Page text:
Monday, March 11, 2013

Learning a dead language for no good reason

I'm teaching myself Latin. By reading a book. The book is called "Latin for Dummies." I'm doing it because I thought Greek would be too hard.

Everything in that first paragraph is true. Or, as our ancient Romans friends would have said, "Omnia in illa prima paragraph verum est." I think. My Latin isn't very good yet.

I do a lot of things that no one else would bother doing. Learning Latin from a book is one. Walking 17 miles to work is another. Rooting for the Cleveland Browns is yet another.

None of those activities has a useful purpose, which is why I do them. I remember useless stuff. I engage in useless pastimes. I think about useless things. I am completely useless (or again, as a native Latin speaker would say, "Ego sum prorsus inutilis.")

The problem I'm finding with Latin is that it seems to have little connection with English in terms of word order and verb conjugation. That's probably not entirely true, but I'm early in the learning process and my head is spinning trying to figure out stuff like cases and declensions.

"Latin for Dummies" tries its best to give you Latin phrases you might actually find useful, but that's the problem with a dead language: There are no useful phrases. I don't foresee running into one of the Caesars any time soon, so whatever knowledge I gain in this process is going to be gained for the sake of....well, knowledge.

This is an actual sample conversation offered up on pages 68 and 69 of "Latin for Dummies" (I am not, I assure you, making this up):

PATER (father):  Nepos noster uxorem cupit. ("Our grandson wishes for a wife.")

MATER (mother): Pater filio puellam aptam inveniet. ("His father will find his son a suitable girl.")

PATER: Era difficile fratri meo ubi coniugem filiae suae petebat. ("It was difficult for my brother when he was seeking a husband for his daughter.")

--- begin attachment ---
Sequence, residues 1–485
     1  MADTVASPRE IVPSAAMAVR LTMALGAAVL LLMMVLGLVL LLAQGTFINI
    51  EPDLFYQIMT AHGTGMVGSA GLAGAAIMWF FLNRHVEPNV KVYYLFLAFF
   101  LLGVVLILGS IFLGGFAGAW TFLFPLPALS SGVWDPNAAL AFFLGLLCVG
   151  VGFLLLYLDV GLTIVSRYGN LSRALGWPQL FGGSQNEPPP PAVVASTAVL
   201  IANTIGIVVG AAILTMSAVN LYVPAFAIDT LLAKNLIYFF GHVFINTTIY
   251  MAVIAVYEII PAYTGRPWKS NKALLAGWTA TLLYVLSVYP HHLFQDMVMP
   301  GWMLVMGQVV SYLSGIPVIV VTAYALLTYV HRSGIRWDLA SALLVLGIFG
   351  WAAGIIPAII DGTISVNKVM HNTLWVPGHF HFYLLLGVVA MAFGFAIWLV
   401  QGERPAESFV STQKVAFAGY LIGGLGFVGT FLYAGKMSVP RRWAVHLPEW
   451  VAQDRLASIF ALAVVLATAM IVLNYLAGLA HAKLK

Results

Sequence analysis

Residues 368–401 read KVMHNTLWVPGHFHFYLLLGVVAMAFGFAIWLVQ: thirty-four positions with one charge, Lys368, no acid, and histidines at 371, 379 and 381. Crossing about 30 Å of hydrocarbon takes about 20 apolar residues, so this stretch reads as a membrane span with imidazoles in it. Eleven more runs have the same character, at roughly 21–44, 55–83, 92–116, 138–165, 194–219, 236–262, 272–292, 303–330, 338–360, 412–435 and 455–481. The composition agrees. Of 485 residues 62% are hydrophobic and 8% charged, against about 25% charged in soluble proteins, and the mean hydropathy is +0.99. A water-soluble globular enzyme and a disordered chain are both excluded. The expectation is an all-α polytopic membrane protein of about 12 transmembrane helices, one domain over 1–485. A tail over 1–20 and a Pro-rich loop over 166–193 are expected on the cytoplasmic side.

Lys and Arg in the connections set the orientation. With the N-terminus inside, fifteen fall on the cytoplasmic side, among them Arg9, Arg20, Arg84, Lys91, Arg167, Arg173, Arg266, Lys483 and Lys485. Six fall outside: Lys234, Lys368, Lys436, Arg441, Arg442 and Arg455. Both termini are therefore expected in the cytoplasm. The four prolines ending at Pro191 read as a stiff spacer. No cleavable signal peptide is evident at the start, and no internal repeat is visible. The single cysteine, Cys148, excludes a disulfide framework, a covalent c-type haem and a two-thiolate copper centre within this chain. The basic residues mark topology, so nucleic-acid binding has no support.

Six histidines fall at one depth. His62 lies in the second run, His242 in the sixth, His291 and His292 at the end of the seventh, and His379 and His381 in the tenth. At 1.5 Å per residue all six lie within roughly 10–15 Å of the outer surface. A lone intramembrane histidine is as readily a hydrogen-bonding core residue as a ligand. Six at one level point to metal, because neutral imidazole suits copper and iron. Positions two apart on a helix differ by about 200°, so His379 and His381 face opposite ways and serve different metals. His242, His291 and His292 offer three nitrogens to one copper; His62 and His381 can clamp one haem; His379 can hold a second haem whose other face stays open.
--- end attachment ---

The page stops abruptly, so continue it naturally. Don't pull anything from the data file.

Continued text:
MATER: Sed fratris tui filia est non pulchra! ("But your brother's daughter is not pretty!")

PATER: Screw-us you-us! ("I disagree!") (NOTE: This last line is one that I may actually have made up.)

I'm trying to think of a situation in which knowing these sentences would be useful in any language.

Because that's the general problem with language instruction, isn't it? They teach you all kinds of vocabulary and phrases that are, like me, useless.

I took 14 years of French instruction. That's right, 14 years. Everyone in my school took it from 1st through 6th grade, then most of us continued on in middle school, and a dwindling number continued on through high school.

During my senior year, there were two of us (me and Michelle Dillard) who took the comically unnecessary French V. It wasn't even a class offered during regular school hours. I had to come in at 6:30 on Thursday mornings to take it (by myself...Michelle did it at a separate time) with Madame Whitehorn, a saint of a woman who put up with the 98% of kids who didn't care at all for French to enjoy teaching the 2% who did.

Anyway, I went on to take a few semesters more from the Jesuits at John Carroll University, who at least had the decency to offer up a native French speaker (Monsieur Aube, an aging and hilarious French-Canadian) to teach those of us who tested into 300-level French.

My point is, through all those years of French, I learned maybe four or five things that had any practical value. And by "practical value," I mean stuff I could actually use if I spent any amount of time in Paris.

The French textbooks refused to impart this type of knowledge on us. Instead, they focused on unrealistic classroom situations in which everyone asked for pencils, erased blackboards, and opened and closed doors and windows. And that was about it.

I spent nine hours in Paris once, and not once did I have a need to erase any blackboards or ask anyone for a pencil. I did open and close a few doors, but I didn't bother to inform the Parisians of my door-swinging intentions.

Here are five things that WOULD have been useful to know in French during my short time in Paris, had I figured out how to say them:

(1) "Wait, you're an old woman and you're going to stay here in the men's room cleaning while I stand over there and pee?"

(2) "Really?"

(3) "Because it's awfully hard to pee with you in the room."

(4) "I'm just saying."

(5) "I've missed the last train back to my hotel in London? Is there a particular patch of sidewalk where you would suggest I sleep tonight while I wait for the first train tomorrow morning?"

By the way, I was going to render one of those suggested French sentences in Latin, just to continue the ongoing joke and all. And I realized there was no way I would know the Latin for "pee," so I looked in a Latin dictionary. It turns out the word for "urinate" is "micturio." Finally, something useful!

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